By Niall Stanage - 05/11/14 10:30 AM EDT
Can Monica Lewinsky still harm the Clintons?
That was the immediate question in politics after Lewinsky came out of semi-seclusion to write a lengthy article for Vanity Fair magazine.
Lewinsky’s hesitant steps back into the spotlight were an instant reminder of the unseemly side of the Clinton presidency, something that could complicate a potential 2016 White House bid for former Secretary of State Hillary Clinton.
It’s probably too soon to tell for sure, but even some Republican operatives admit it’s possible Lewinsky’s return will be greeted with a shrug.
“It’s another reminder of the sort of baggage that surrounds the Clintons,” said GOP strategist Matt Mackowiak. “Is this helpful to them? No, of course it isn’t. It could force [Hillary Clinton] to answer questions about the marriage and Bill’s past sins, and that’s obviously not an area they want to get into.”
Yet Mackowiak also said that it was “dicey” for conservatives to mount a full-on attack on Hillary Clinton over a 16-year-old scandal for which she was not, by any reasonable measure, responsible.
“The Monica Lewinsky episode was a minefield for Republicans in 1998, and it is going to be a minefield for Republicans who raise it now,” agreed another GOP operative, Ford O’Connell, who recalled the widespread sense that President Clinton’s opponents overplayed their hand on the scandal.
Some Republicans signaled even before Lewinsky’s reappearance that they would make it an issue.
Earlier this year, Sen. Rand Paul (R-Ky.) pushed back on accusations that his party was mounting a “war on women” by citing the scandal, in which President Clinton received oral sex from Lewinsky, who was a White House intern at the time.
“He took advantage of a girl that was 20 years old and an intern in his office,” Paul said on NBC’s “Meet the Press” in January. “There is no excuse for that, and it is predatory behavior.”
Paul went on to say that it was “hard to separate” Bill and Hillary Clinton, and added, “It’s not Hillary’s fault, but it is a factor in judging Bill Clinton and history.”
Paul’s words received some pushback from Lewinsky in her Vanity Fair article.
She complained that he had “managed to drag me into the pre-election muck” and “put me back into the unwanted spotlight.”
Her reaction is just one example of the risks for Republicans in seeking to make hay on the controversy.
Another is that the whole affair, though still sharp in the minds of those who remember it, is ancient history to a sizable slab of the electorate.
Many other voters will be too young to remember the scandal. Even the top end of the 18-34 demographic were high school sophomores when the story broke.
In the intervening years, there have also been a number of other political scandals which outstripped the Lewinsky story’s sordidness.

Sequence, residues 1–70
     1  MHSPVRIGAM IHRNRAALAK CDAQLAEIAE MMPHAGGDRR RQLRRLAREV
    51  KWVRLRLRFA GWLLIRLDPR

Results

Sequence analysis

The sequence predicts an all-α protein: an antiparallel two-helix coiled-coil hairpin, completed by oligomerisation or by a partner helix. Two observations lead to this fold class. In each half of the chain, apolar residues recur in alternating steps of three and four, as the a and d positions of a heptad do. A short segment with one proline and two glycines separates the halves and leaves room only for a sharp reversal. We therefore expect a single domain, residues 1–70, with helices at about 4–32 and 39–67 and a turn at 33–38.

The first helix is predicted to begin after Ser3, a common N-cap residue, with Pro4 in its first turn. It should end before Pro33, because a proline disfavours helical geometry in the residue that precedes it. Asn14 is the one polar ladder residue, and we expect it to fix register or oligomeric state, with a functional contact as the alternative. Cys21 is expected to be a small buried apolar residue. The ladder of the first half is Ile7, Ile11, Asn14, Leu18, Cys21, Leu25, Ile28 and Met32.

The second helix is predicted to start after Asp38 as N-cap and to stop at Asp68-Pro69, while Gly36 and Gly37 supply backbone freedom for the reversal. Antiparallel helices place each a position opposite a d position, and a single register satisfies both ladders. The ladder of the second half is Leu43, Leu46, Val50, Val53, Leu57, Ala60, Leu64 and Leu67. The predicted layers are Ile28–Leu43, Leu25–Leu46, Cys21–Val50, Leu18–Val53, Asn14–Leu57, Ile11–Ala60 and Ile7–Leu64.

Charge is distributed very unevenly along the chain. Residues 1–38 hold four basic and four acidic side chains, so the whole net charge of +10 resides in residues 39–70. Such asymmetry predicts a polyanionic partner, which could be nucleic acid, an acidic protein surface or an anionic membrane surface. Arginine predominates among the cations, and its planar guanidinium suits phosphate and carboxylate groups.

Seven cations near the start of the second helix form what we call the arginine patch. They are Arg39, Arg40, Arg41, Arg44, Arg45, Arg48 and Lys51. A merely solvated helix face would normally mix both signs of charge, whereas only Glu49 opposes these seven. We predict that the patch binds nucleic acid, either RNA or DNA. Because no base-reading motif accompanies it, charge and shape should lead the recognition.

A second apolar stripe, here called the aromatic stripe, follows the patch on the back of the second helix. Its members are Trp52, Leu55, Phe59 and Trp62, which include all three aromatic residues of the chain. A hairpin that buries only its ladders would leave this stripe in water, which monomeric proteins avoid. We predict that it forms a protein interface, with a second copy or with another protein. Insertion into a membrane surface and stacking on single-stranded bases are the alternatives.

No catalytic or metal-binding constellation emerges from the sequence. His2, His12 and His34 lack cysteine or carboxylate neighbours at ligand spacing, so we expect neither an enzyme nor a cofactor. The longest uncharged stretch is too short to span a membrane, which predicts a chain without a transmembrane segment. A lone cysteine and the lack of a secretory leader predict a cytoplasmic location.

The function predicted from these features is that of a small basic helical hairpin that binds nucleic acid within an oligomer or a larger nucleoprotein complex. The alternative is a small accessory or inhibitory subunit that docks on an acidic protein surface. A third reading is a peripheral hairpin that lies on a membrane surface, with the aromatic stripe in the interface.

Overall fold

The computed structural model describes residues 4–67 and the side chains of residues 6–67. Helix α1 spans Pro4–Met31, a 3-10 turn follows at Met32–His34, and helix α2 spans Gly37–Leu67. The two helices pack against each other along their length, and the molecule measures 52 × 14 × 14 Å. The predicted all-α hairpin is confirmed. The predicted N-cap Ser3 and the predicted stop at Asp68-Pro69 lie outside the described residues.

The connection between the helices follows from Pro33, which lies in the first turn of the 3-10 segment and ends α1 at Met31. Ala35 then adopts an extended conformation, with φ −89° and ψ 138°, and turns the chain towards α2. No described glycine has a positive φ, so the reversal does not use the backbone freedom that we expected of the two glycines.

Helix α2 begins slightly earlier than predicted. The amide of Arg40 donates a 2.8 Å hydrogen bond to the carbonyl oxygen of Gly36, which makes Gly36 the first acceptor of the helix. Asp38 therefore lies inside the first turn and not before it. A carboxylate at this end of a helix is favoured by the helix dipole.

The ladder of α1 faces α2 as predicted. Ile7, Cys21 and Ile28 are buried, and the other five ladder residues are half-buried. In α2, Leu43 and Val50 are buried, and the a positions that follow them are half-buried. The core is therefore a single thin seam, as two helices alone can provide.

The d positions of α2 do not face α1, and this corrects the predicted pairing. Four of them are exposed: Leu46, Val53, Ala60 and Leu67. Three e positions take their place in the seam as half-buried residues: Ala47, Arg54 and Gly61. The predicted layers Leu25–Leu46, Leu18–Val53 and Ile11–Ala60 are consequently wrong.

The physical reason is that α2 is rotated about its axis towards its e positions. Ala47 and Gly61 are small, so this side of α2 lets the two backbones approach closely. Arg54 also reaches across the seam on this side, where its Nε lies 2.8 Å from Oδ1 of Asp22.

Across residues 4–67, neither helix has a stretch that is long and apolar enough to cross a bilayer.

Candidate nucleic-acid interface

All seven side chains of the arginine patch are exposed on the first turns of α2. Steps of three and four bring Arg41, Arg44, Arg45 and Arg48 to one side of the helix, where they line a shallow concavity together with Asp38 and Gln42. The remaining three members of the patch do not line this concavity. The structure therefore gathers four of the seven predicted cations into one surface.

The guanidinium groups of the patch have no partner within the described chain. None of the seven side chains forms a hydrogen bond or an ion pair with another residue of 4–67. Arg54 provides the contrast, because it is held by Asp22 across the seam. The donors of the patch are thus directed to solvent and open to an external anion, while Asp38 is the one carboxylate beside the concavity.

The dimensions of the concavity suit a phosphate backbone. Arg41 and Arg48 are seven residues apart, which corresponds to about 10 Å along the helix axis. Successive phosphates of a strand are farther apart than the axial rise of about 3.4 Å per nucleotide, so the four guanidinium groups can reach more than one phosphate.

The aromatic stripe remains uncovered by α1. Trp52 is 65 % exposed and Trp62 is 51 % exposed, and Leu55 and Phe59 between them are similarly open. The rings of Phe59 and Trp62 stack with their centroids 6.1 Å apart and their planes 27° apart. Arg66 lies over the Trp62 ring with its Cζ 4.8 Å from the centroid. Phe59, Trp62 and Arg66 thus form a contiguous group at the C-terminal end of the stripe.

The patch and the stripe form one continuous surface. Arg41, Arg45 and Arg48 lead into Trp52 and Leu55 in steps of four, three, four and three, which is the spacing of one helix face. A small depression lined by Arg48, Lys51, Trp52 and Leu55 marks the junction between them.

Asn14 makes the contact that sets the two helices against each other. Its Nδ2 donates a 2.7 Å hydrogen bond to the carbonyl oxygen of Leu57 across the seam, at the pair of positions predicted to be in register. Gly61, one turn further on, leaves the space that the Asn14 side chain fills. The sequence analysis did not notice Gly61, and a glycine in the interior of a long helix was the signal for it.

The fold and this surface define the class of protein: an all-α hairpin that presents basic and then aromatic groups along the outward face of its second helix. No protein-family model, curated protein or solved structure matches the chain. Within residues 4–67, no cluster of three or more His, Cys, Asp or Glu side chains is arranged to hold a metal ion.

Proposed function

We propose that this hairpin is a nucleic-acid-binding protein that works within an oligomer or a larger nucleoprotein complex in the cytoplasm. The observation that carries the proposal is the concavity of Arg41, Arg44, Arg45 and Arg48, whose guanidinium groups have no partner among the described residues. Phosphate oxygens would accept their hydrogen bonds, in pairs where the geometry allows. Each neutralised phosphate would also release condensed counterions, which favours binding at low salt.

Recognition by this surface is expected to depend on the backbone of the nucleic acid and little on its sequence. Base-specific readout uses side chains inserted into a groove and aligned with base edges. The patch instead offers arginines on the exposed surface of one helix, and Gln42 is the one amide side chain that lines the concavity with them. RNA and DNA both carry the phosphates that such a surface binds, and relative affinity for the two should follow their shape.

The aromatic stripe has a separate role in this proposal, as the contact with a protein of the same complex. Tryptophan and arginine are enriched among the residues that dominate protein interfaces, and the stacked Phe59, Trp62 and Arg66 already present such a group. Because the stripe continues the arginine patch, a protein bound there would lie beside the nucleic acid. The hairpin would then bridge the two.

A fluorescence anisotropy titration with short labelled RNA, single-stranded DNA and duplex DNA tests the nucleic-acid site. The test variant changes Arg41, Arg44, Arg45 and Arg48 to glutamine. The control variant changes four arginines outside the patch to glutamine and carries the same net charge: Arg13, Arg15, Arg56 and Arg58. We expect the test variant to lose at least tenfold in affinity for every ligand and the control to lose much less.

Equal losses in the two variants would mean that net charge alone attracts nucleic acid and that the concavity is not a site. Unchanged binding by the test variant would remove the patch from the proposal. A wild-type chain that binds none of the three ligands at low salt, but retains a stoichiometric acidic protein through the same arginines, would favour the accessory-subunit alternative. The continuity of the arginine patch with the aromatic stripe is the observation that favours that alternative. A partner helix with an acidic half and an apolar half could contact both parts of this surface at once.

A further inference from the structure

Then-Rep. Anthony Weiner's (D-N.Y) internet photo misadventures come to mind, as does Sen. David Vitter’s (R-La.) admission of “a very serious sin in my past” after his phone number turned up in the records of the “D.C. Madam”, Deborah Jeane Palfrey.
The Clintons are “increasingly in large, if not good, company,” in having been caught up in a sex scandal, said Juliet Williams, a UCLA professor and a co-editor of Public Affairs: Politics in the Age of Sex Scandals.
“The presumption that prevailed in the ‘90s, which is that one could not survive this kind of reputational taint; we now know that’s simply not true,” Williams added.
But that doesn’t stop people, including Lewinsky herself, from wondering how the matter might play if Clinton runs for the White House in 2016, as is now widely expected.
“When I hear of Hillary’s prospective candidacy, I cannot help but fear the next wave of paparazzi, the next wave of ‘Where is she now?’ stories, the next reference to me in Fox News’s coverage of the primaries,” Lewinksy wrote in Vanity Fair.
Lewinsky might be right that a Hillary 2016 run would inevitably draw more attention down upon her. But, in surmising that she would be used heavily by Clinton’s enemies, she may be misjudging the political environment.
O’Connell cautioned his fellow Republicans that strong attacks on the matter could harm the party among a demographic with which it already struggles.
“If you go at this too hard, you are going to cause unmarried women to have more sympathy for the Clintons than they otherwise would do,” he said.
The Clintons also have time on their side.
Lewinsky has come back on the scene with well over two years left before the next presidential election. The Vanity Fair article made such a splash in part because, according to Lewinsky, she had refused all major interview requests for a decade.
It is far from clear that the former intern wants to negatively affect a Hillary Clinton presidential bid. At one point in the article, she refers to herself as a “conscientious Democrat.” But, even if she did want some kind of revenge, it might be hard to roil the waters again in the way she did last week.
“It certainly raise something that is very uncomfortable for [the Clintons] one more time,” said Alison Dagnes, a professor at Shippensburg University and the author of Sex Scandals in American Politics.
“But I think, if there is some good news for them, it’s that it takes the air out a story. It gets it exorcised and allows everyone to get tired of it.”
For the Clintons, that can’t come a moment too soon.